I drew a specific conclusion about television at that time: "As soon as people can scrape together a few dollars in this twentieth-century world, the first thing they want - even before a refrigerator or a motor scooter - is a television."  This impression has stayed with me ever since, and even been reinforced.  In Hong Kong in the 1970s, I noticed that virtually all of the Chinese families I visited owned televisions, even though many of these families were desperately poor.  One night I was astonished to notice a Chinese squatter family that did not even own a house, but who had thrown together a kind of hodgepodge roof-shelter for themselves in a Kowloon alleyway, watching television in the open air of their dark-alley home.

I think that for people in the twentieth and early twenty-first centuries, television is the equivalent of a window on the world.  To not have access to TV feels like living in a windowless room cut off from any knowledge of the world outside.

All of this is connected to my sense (as a liberal) that poor people are bad off, even when they have televisions.  To really settle the question of what the meaning of two or more televisions in a poor household means might require an ethnographic study.  But short of that, I'm going with the narrative that my liberal instincts tell me makes sense, though, I'm guessing, a conservative's instincts will tell her or him to be leery of television-owning people claiming that their lives are dominated by a desperate struggle for money.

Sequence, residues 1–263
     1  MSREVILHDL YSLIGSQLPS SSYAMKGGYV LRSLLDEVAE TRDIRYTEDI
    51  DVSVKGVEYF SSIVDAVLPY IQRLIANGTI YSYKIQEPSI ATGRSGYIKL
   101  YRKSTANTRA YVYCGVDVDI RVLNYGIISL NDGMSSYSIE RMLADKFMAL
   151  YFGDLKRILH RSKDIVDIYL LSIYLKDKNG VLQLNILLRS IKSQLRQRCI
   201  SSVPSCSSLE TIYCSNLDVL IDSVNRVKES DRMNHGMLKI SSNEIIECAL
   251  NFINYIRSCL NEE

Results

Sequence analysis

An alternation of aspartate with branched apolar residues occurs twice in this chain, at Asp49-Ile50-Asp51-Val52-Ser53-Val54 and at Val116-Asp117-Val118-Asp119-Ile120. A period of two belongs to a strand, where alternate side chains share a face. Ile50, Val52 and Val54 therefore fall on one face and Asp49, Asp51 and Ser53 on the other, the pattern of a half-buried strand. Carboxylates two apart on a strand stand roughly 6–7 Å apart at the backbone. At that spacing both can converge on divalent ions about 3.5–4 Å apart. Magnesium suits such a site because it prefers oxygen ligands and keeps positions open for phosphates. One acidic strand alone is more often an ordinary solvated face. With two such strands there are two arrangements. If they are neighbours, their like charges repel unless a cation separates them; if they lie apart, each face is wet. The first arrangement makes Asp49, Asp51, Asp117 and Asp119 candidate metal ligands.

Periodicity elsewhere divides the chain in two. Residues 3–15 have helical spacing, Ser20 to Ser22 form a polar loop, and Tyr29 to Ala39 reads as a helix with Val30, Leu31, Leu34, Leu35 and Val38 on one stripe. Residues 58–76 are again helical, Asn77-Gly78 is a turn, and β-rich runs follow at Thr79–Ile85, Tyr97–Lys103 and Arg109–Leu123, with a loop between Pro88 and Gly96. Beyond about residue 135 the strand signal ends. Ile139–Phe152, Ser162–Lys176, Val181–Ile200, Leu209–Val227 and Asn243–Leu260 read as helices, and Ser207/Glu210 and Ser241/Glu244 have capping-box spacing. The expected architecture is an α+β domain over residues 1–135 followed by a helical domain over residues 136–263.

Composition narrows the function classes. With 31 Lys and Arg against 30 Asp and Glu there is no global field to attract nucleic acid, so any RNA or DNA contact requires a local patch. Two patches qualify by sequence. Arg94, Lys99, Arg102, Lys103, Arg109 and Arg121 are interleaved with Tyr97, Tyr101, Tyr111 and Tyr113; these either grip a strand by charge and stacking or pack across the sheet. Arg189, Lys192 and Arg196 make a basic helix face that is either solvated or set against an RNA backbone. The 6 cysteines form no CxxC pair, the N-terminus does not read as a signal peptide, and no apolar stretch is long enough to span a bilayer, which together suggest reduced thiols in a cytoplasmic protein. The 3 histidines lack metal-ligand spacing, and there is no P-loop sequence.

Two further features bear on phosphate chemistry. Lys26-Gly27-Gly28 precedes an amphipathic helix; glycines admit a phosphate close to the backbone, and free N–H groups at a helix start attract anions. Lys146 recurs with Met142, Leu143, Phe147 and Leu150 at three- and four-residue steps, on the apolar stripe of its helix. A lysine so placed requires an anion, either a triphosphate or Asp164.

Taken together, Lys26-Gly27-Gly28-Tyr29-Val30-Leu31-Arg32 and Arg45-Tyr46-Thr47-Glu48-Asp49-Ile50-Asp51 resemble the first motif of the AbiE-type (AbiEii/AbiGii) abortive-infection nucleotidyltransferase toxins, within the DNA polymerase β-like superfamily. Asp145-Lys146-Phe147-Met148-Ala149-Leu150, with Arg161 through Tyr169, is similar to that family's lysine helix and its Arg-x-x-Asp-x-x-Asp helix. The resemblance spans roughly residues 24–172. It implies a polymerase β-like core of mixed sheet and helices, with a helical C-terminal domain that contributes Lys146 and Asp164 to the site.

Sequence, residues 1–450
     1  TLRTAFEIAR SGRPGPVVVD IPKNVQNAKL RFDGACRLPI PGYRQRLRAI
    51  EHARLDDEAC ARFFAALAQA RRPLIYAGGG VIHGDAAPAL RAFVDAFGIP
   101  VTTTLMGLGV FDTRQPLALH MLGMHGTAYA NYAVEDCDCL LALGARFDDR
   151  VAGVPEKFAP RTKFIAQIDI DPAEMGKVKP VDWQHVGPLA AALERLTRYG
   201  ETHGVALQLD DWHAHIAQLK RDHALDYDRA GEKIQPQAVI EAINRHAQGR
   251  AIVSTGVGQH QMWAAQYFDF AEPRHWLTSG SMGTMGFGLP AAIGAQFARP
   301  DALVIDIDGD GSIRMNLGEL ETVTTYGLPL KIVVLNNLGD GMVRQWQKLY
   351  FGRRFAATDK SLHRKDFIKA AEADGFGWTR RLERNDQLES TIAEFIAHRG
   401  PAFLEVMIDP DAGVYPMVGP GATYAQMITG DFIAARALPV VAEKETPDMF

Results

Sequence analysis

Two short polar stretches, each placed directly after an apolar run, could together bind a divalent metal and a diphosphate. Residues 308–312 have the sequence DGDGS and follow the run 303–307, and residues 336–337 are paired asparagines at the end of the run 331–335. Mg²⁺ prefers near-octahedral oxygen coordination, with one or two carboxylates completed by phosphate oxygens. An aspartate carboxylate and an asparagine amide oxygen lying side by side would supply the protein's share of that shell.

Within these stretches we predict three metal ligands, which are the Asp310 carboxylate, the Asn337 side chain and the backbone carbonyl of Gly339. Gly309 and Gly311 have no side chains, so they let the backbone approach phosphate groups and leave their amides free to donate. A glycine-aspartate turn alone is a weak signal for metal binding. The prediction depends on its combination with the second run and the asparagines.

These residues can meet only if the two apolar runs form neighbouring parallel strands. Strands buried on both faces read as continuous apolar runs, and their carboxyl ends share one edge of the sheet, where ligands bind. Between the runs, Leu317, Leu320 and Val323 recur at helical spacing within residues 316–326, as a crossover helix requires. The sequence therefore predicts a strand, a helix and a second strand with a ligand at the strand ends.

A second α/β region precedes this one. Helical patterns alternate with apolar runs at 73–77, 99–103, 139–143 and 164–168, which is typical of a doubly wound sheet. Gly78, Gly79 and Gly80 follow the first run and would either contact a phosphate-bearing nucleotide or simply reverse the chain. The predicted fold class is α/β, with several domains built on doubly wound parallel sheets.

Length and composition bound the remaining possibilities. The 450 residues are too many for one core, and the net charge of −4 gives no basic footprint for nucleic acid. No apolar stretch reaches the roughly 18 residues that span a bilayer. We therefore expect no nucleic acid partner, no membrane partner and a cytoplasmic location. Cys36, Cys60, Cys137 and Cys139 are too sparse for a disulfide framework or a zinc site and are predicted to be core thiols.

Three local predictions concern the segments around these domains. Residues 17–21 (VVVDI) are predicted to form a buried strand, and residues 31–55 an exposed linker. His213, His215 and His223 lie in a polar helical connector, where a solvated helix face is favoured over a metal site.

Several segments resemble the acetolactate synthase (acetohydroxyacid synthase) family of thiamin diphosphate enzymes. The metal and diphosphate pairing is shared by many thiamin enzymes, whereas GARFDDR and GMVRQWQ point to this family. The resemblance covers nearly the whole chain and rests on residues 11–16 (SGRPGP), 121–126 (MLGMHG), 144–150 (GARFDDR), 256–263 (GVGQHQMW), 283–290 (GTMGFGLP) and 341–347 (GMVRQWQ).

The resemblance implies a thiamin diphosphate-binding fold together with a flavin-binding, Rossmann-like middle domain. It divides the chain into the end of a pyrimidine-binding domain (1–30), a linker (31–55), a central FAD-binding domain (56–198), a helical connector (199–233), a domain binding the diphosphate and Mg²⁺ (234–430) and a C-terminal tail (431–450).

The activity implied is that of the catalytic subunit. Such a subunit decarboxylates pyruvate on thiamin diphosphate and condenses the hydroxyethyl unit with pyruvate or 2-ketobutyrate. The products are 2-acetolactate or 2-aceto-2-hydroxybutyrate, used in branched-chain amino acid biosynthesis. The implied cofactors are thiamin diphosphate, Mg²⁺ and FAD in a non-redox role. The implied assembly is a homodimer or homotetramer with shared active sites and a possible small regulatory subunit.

I've lived among poor people in Asia and Latin America, but I've never lived in a truly poor neighborhood in the U.S.  I do know someone, however, who suffered from poverty in their youth to such an extent that the single parent in charge of the household would routinely hide when police came to the door because of the debts owed by that parent.  Life was a struggle in a dozen different ways for this family - a family that was suddenly plunged into poverty because their insurance company declined to cover an expensive and debilitating illness suffered by one of the parents.  But they did have television.  I feel for the children of this family, but should I begrudge them their television entertainment?  Should I tell them they don't deserve food stamps until they sell their television(s) to buy food?  My instincts tell me no, this is not reasonable, but then, my instincts are liberal.  People with different political philosophies may think differently.



           Rural Chinese  Hut with Satellite Dish
                             (from Travellerspoint)